In 2011, the Supreme Court issued a major ERISA decision, Cigna Corp. v. Amara, 131 S.Ct. 1866 (2011), holding that courts could not reform an ERISA plan as part of a claim for benefits under 29 U.S.C. 1132(a)(1)(B), but could do so as an equitable remedy under 29 U.S.C. 1132(a)(3). The case involved a situation in which the district court had ruled that Cigna had misrepresented the terms of a new pension plan when asking employees with vested rights in an outgoing plan to accept transfer. The district court had reformed the plan under 1132(a)(1)(B) to provide the benefits Cigna had promised; the Supreme Court held that the district court had used the wrong section of ERISA as the basis for its ruling.The Supreme Court then remanded for further consideration under the rules and limitations it had announced.

Amara v. CIGNA Corp., 775 F.3d 510, 513 (2d Cir. 2014), presumably is the final decision in this long-running dispute.

The substance of the dispute, in brief, concerned the effects of the 1998 conversion of Cigna’s defined benefit plan (“Part A”) to a cash balance plan (“Part B”). Before the Supreme Court decision, the district court had certified the plaintiff class, and ordered Cigna (under 1132(a)(1)(B)) to provide the benefits accrued under Part A at the time of the conversion, plus the benefits accrued thereafter under Part B, i.e. “A+B” benefits.

On remand, not surprisingly, the district court again ordered Cigna (now under 1132(a)(3)) to provide plaintiffs with A+B benefits. Both sides appealed.

On appeal, Cigna argued that, under trust law, it is the settlor’s intent, only, that is relevant to reformation, and Cigna never intended to provide A+B benefits. However, the Second Circuit held that it was proper to apply contract principles, rather than trust principles, in reforming the plan. As support, the Second Circuit noted that the Supreme Court had referred to principles of contract law in the Amara decision, and noted that the Restatement of Trusts provides that, when consideration is involved in the creation of a trust, contract reformation principles apply.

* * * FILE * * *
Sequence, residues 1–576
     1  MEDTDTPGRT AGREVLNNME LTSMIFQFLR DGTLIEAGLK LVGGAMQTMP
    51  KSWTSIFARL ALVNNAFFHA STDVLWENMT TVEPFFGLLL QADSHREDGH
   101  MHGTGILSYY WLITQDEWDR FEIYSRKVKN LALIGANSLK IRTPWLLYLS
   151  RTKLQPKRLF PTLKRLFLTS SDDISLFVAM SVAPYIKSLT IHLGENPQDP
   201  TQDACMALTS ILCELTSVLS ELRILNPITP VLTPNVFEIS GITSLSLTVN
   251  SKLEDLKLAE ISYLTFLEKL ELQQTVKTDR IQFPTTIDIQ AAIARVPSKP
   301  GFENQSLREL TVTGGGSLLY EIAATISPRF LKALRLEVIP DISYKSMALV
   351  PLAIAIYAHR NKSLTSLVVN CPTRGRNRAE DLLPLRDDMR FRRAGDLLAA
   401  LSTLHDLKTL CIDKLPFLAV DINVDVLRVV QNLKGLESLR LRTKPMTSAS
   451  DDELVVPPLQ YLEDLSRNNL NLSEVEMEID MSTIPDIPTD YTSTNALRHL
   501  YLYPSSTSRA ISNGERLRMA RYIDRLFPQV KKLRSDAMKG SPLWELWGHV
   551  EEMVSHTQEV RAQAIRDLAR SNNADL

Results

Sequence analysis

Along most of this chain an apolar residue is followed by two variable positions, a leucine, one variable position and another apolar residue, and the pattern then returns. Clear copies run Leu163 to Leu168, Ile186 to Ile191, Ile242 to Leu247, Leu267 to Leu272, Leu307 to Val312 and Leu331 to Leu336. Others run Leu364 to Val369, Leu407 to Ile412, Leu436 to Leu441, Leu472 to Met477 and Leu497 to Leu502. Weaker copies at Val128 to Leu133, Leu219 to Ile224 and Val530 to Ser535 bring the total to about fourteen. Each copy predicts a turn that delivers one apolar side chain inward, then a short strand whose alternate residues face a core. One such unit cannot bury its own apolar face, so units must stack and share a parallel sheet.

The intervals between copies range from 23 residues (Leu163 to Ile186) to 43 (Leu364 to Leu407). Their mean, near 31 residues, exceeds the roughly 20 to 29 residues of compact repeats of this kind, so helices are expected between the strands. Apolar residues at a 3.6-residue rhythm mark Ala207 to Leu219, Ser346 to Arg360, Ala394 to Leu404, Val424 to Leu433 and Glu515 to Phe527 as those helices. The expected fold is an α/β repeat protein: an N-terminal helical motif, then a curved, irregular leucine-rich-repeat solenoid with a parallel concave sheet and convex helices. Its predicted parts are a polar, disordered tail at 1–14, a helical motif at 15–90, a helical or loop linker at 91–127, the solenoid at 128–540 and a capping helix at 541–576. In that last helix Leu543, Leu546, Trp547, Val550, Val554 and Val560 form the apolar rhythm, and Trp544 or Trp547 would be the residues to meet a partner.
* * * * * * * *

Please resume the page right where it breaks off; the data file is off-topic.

Under contract principles, the plaintiffs were required to show either mutual mistake, or “fraud or similar inequitable conduct.” Because Cigna did not make a mistake in its understanding of the plan terms, plaintiffs were required to prove fraud by clear and convincing evidence. Given that the district court had found intentional misrepresentation, and the Second Circuit had affirmed, before the case went to the Supreme Court, it is not surprising that the district court found fraud on remand and the Second Circuit affirmed.

Of interest, the court found that it does not affect reformation that Cigna made the misrepresentations at issue in its role as a plan administrator, nor sponsor. This was a distinction that was important to the Supreme Court in Cigna v. Amara. But the Second Circuit held: “We agree with the district court that to deny reformation solely due to the general distinction between sponsor and administrator in ERISA would be inequitable in the circumstances here[.]” Moreover, 1132(a)(3) permits equitable claims against both sponsors and administrators. And, as the Supreme Court held, the SPD (in which the misrepresentations were made) “provide communication with beneficiaries about the plan,” making the SPD an appropriate source to find misrepresentations supporting reformation.